- If you’re finding raccoon feces in the pool it might have to be drained and refilled, especially if the feces were to test positive for the eggs.
- The CDC recommends a pool that has tested positive for the eggs to be filtered for 24 hours and backwash the filter media or drain the pool and rinse down the sides then refill. Because these eggs are microscopic it is impossible to tell if you completely got rid of them. Also, be aware that adding chlorine does not kill the eggs
- We do not provide testing. You’ll have to contact the health department and you must provide a sample of the feces for testing
- Because raccoons usually use shallow areas such as steps, there are ways to prevent them from accessing the area. Give us a call and perhaps we can provide a solution
Raccoons on the fence
- A raccoon travelling a fence line is fairly common and not much a concern because we cannot and should not attempt to rid the entire Memphis area of raccoons.
- To deter them from using the fence you can install a heavy gauge wire along the top edge about an inch above the top. This simply provides a footing issue making it hard to navigate without getting tripped up. Since raccoons tend to travel the path of least resistance you may find that they will begin to avoid that fence line in their journeys.
Raccoons in the backyard
- Raccoons in the backyard isn’t necessarily considered a valid nuisance complaint however, if they are pooping in a sand box or trying to gain access to the house it could be!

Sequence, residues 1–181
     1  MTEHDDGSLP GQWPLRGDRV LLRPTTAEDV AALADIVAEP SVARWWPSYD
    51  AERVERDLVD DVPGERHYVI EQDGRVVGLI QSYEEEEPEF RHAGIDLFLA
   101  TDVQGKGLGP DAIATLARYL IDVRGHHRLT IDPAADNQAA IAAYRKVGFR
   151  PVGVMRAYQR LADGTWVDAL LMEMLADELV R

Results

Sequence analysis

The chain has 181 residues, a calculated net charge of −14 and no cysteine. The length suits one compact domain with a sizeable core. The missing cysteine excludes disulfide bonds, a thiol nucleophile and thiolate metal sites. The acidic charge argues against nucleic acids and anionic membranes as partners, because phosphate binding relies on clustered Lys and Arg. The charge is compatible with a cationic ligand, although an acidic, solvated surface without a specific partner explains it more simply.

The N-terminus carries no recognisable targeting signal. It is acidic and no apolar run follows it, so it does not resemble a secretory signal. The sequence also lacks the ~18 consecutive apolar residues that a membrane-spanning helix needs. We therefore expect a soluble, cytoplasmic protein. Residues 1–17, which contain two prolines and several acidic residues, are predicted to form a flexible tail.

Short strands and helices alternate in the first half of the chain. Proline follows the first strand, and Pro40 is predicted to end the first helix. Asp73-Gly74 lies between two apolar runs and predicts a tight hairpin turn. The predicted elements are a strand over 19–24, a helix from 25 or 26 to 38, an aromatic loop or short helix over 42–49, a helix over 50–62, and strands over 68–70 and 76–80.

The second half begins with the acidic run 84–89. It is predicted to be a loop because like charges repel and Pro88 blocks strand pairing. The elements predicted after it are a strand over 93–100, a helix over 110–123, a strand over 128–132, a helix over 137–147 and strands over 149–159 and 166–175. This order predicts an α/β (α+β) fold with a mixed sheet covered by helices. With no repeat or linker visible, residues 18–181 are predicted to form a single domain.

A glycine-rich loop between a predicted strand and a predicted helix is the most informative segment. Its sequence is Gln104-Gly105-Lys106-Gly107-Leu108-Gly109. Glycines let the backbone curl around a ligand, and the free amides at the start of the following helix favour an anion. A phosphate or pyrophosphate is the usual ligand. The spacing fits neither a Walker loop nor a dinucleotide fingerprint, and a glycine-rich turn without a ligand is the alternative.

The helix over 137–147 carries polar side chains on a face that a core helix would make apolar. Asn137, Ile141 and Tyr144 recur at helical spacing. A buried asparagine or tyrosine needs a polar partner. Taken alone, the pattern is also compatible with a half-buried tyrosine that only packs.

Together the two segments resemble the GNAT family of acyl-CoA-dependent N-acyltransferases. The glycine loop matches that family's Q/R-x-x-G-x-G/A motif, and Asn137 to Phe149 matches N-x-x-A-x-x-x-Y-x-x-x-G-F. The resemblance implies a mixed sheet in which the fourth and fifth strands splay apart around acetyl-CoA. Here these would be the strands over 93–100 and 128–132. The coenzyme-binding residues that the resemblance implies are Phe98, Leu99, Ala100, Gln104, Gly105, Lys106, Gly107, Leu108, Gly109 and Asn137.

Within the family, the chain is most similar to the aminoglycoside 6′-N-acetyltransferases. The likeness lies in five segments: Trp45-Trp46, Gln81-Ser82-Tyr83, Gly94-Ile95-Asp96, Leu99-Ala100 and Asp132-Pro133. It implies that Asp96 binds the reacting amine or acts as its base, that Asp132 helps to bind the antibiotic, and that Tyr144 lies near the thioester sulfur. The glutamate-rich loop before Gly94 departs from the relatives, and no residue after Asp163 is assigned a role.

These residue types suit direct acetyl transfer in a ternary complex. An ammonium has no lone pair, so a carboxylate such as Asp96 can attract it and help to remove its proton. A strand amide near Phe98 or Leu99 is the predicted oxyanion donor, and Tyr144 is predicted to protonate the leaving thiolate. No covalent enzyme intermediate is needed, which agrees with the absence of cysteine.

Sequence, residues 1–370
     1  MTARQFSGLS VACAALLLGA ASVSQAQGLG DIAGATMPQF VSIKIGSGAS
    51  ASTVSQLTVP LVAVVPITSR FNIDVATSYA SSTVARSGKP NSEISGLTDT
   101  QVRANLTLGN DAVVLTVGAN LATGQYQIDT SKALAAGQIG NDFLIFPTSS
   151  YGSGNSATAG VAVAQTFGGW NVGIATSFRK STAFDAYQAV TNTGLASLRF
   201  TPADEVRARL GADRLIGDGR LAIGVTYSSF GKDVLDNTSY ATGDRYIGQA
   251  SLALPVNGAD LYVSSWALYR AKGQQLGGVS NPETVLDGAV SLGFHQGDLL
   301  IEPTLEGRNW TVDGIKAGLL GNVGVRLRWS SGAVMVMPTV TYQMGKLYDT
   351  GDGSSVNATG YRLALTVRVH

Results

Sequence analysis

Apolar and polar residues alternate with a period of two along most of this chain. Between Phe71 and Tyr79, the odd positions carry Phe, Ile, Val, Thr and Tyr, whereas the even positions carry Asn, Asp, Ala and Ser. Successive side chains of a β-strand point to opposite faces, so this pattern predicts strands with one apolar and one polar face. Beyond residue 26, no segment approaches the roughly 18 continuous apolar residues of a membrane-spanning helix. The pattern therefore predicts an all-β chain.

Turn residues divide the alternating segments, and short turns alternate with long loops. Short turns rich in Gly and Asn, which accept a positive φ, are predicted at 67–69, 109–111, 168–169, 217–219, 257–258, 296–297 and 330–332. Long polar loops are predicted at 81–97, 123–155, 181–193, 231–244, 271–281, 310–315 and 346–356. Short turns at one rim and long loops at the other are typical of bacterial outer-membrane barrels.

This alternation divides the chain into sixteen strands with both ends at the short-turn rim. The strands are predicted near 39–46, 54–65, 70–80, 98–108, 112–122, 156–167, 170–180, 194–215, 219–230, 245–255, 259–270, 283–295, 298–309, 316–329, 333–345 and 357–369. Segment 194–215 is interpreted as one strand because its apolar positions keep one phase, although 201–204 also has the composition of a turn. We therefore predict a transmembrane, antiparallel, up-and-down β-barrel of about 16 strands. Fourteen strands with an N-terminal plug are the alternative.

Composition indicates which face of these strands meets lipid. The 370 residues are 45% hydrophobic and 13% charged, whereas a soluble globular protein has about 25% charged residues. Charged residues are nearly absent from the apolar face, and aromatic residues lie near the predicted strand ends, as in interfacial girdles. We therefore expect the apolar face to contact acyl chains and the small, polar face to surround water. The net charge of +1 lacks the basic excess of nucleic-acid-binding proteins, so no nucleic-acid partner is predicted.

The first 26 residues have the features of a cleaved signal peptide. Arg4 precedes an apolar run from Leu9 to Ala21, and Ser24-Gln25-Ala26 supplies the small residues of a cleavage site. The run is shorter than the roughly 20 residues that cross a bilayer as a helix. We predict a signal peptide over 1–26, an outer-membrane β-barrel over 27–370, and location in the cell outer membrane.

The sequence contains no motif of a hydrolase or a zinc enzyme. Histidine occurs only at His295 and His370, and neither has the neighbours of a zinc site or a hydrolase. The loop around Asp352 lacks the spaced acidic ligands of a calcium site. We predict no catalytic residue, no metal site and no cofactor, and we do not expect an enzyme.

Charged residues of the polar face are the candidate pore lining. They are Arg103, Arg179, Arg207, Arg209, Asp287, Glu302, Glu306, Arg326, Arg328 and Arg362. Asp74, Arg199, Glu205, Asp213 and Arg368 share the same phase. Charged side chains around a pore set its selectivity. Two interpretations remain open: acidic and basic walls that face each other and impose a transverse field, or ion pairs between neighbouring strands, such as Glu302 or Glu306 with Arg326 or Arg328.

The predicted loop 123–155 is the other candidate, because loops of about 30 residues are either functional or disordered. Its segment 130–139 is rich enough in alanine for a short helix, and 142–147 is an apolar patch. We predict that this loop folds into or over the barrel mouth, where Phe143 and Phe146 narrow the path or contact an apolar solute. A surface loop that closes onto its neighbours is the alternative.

- Be sure to keep any and all sources of food such as left out dog or cat food locked up or better yet inside. Bird feeders are often an attractant to wildlife because it is essentially free food
- For any other questions it’s best to call us
Raccoons in the shed
- Raccoons should not be living in the shed for sure, besides the obvious danger of accidentally coming into direct contact there is probably feces around.
- Like your home the shed should be secured so as to not allow any wildlife to take refuge for safety sake.
- If they are under the shed we can take action to remove them and install a barrier around the base to prevent it from happening again.
Raccoons on the back porch
- Raccoons do have nimble hands and can manipulate door handles. The most common thing we see is a torn screen on the porch or perhaps a left open door with dog or cat food present.
- If you have a food source remove it as soon as possible to prevent other animals from learning about it or you’ll have more critters helping themselves
- Some animals, like an opossum might just decide to curl up and take a nap. If you find one sleeping do not disturb it.
- Give us a call and we can humanely and safely remove it for you
Raccoons under the neighbors house
- Calling us to report a raccoon under the neighbors house isn’t really a valid complaint we can act on. We need landowner/homeowner permission to go on to enter the property of anyone else.
- You might do good to pass on our information to them since they may not know there is an issue that might need addressed.
- If you have any questions, give us call!